EXTENSIVE LIVESTOCK FARMING
Ranching has been the traditional and most widespread livestock modality in Castile and Leon and the rest of Spain until the mid-twentieth century.
Development of livestock farming
Livestock farming was born in the Neolithic about 10,000 years ago. In some places, groups of humans began to domesticate animals, and crop plants in order to reduce their dependency on hunting and have a steady food supply to survive. Thus was born agriculture and livestock farming, and the first communities able to leave, partially at leasty, the hunter-gatherers system.
Agricultural and livestock farming societies obtained the food for their cattle from the immediate environment, using natural pastures as well as agriculture. These farmers had to move their herds from one area of pasture to another, emulating the movements of wild herbivores. Thus, livestock has managed to survive for thousands of years, using natural resources, without activity being undermined in the regenerative capacity of the environment in which it operates. This type of use is what we now call extensive livestock farming.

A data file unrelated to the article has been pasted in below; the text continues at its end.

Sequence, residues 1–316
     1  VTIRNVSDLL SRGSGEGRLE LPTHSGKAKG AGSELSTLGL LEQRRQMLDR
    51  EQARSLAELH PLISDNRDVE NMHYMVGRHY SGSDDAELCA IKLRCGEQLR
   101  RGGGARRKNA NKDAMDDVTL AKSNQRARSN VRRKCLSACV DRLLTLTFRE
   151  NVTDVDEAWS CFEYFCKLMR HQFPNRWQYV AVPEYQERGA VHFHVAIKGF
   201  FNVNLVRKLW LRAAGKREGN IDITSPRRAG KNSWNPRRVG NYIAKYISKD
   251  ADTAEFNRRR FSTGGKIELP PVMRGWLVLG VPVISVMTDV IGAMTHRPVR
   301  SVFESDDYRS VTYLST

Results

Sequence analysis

Livestock farming and the environment
Livestock farming has been a way of life for societies around the world fully integrated in the ecosystems in which it has developed. The traditional livestock farming activity has shaped the landscape and vegetation for thousands of years in vast territories; although the moderate pressure caused on these territories has allowed wildlife to adapt to this model and live side by side with this activity. This ancient co-existence between livestock and wildlife has generated a multitude of ecosystem interrelations between wild animals and plants and livestock activity along history itself. One of the most obvious interrelationships is the symbiotic relationship between livestock and scavengers in which both species benefit. Scavengers get food from dead livestock, helping at the same time to clean the countryside, preventing the spread of diseases among cattle and even on human population.
Faced with this type of traditional livestock farming, from the XX century, other type of livestock farming is developed, a boom takes place as it is no longer required to take the cattle to where the food is, but the herds are stocked and purpose built fodder and feeding enclosures are created. This type of farming, called intensive farming, generates a huge increase in farming profitability, and makes farmers’ work easier. However, the ancestral relationships between livestock farming and wildlife are disrupted.